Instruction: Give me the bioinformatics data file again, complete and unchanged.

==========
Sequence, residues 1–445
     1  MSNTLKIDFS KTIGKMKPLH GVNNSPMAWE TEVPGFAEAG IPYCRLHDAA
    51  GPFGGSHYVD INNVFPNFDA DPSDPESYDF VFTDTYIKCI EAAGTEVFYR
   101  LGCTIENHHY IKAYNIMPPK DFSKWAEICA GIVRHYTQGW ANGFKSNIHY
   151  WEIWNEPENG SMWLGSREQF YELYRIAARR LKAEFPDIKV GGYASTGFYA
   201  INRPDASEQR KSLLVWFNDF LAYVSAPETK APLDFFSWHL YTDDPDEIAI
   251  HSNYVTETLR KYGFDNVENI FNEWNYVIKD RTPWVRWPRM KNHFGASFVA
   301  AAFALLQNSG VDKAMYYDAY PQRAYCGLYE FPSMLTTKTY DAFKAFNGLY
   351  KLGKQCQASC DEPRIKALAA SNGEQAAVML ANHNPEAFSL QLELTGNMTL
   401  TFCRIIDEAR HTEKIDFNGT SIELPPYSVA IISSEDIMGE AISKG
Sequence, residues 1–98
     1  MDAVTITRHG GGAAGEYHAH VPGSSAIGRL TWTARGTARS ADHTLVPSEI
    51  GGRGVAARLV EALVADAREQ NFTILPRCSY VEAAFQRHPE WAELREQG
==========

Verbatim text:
Sequence, residues 1–445
     1  MSNTLKIDFS KTIGKMKPLH GVNNSPMAWE TEVPGFAEAG IPYCRLHDAA
    51  GPFGGSHYVD INNVFPNFDA DPSDPESYDF VFTDTYIKCI EAAGTEVFYR
   101  LGCTIENHHY IKAYNIMPPK DFSKWAEICA GIVRHYTQGW ANGFKSNIHY
   151  WEIWNEPENG SMWLGSREQF YELYRIAARR LKAEFPDIKV GGYASTGFYA
   201  INRPDASEQR KSLLVWFNDF LAYVSAPETK APLDFFSWHL YTDDPDEIAI
   251  HSNYVTETLR KYGFDNVENI FNEWNYVIKD RTPWVRWPRM KNHFGASFVA
   301  AAFALLQNSG VDKAMYYDAY PQRAYCGLYE FPSMLTTKTY DAFKAFNGLY
   351  KLGKQCQASC DEPRIKALAA SNGEQAAVML ANHNPEAFSL QLELTGNMTL
   401  TFCRIIDEAR HTEKIDFNGT SIELPPYSVA IISSEDIMGE AISKG
Sequence, residues 1–98
     1  MDAVTITRHG GGAAGEYHAH VPGSSAIGRL TWTARGTARS ADHTLVPSEI
    51  GGRGVAARLV EALVADAREQ NFTILPRCSY VEAAFQRHPE WAELREQG